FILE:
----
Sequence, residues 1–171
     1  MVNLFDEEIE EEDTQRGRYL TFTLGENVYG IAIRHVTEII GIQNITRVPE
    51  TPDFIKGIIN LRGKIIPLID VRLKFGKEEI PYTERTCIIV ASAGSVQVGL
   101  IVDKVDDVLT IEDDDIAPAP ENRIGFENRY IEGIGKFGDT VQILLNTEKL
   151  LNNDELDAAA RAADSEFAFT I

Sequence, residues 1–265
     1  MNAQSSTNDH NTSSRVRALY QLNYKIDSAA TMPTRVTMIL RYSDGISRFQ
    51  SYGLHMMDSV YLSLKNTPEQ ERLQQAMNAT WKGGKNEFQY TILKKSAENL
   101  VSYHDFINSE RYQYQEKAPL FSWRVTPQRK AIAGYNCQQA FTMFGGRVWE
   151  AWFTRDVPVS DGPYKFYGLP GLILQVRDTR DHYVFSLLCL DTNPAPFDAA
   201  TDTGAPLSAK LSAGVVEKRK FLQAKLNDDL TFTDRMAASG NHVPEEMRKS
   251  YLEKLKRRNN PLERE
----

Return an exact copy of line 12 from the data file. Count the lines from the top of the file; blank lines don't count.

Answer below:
   251  YLEKLKRRNN PLERE